Gavin LeSueur - November 18, 2013
Being overweight is a significant risk factor for many health conditions, including cardiovascular disease and diabetes. Ask your doctor to check your body mass index (BMI) and waist measurement every two years if you are aged under 40 years. If you are older than 40, you should have your weight checked annually
Your waist measurement compares closely with your body mass index (BMI), and is often seen as a better way of checking your risk of developing a chronic disease.
Measuring your waist circumference is a simple check to tell how much body fat you have and where it is placed around your body. Where your fat is located can be an important sign of your risk of developing an ongoing health problem.
Regardless of your height or build, for most adults a waist measurement of greater than 94cm for men and 80cm for women is an indicator of the level of internal fat deposits which coat the heart, kidneys, liver and pancreas, and increase the risk of chronic disease.
How to measure your waist
1. Find the top of your hip bone and the bottom of your ribs.
2. Breathe out normally.
3. Place the tape measure midway between these points and wrap it around your waist.
4. Check your measurement.
Are these waist measurements suitable for everyone?
Waist measurements should only be used for adults to check their risk of developing a chronic disease. The waist measurements above are recommended for Caucasian men, and Caucasian and Asian women. Recommended waist measurements are yet to be determined for all ethnic groups. It is believed that they may be lower for Asian men.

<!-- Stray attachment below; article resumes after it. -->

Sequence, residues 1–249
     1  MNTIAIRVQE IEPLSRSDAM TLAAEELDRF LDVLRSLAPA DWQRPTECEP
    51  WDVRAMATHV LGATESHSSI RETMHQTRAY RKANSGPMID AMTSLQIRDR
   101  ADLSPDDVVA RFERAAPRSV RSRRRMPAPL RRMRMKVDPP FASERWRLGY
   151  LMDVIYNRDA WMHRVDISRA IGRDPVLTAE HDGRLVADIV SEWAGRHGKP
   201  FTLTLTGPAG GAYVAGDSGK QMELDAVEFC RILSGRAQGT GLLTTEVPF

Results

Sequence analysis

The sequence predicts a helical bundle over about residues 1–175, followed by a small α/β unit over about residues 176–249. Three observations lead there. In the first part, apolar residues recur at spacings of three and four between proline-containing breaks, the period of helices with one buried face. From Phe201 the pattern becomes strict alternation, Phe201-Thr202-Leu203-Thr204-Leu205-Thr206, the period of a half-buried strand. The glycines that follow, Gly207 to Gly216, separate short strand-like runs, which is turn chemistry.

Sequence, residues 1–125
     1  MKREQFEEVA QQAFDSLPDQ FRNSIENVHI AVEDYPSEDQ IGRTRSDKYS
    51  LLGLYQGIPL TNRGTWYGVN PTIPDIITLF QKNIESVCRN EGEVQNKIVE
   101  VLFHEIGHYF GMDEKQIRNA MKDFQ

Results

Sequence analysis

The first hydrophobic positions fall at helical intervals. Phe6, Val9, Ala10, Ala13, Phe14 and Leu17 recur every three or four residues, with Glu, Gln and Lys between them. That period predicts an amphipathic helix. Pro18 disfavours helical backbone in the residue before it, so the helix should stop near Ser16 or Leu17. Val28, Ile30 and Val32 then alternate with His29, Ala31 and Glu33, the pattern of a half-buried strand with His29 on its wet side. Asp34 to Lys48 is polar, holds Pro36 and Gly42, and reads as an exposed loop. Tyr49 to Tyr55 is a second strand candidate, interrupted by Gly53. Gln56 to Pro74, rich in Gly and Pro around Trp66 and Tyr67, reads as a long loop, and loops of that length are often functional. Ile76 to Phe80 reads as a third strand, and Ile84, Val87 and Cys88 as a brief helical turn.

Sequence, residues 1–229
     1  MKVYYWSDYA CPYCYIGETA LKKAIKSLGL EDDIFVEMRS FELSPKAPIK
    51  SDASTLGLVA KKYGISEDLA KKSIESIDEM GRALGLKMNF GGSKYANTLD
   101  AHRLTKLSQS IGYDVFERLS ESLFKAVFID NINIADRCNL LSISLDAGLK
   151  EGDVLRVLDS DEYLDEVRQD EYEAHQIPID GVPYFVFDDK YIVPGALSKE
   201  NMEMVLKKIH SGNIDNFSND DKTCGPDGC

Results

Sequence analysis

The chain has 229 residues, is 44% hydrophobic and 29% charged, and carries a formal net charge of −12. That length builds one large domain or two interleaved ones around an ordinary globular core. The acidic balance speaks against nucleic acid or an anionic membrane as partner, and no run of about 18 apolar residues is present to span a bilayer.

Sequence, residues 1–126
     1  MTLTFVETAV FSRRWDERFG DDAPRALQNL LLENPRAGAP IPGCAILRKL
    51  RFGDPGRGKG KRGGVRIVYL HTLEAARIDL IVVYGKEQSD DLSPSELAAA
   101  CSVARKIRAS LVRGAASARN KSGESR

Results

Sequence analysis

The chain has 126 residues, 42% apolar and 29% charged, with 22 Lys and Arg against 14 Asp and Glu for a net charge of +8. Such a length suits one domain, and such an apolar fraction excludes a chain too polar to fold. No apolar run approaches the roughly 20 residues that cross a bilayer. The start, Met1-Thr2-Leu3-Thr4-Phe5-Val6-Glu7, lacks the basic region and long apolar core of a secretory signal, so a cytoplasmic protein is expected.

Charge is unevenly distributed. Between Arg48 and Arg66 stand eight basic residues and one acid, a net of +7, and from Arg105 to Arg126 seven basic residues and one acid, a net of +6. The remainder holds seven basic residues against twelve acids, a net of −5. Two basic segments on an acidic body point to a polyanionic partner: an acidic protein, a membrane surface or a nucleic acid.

Along with being overweight or obese, the following conditions will put you at greater risk for heart disease and other conditions:
- High blood pressure (hypertension)
- High LDL cholesterol (“bad” cholesterol)
- Low HDL cholesterol (“good” cholesterol)
- High triglycerides
- High blood glucose (sugar)
- Family history of premature heart disease
- Physical inactivity
- Cigarette smoking
For people who are considered obese (BMI greater than or equal to 30) or those who are overweight (BMI of 25 to 29.9) and have two or more risk factors, it is recommended that you lose weight. Even a small weight loss (between 5 and 10 percent of your current weight) will help lower your risk of developing diseases associated with obesity. People who are overweight, do not have a high waist measurement, and have fewer than two risk factors may need to prevent further weight gain rather than lose weight.
Talk to your doctor to see whether you are at an increased risk and whether you should lose weight. Your doctor will evaluate your BMI, waist measurement, and other risk factors for heart disease.
The good news is even a small weight loss (between 5 and 10 percent of your current weight) will help lower your risk of developing those diseases.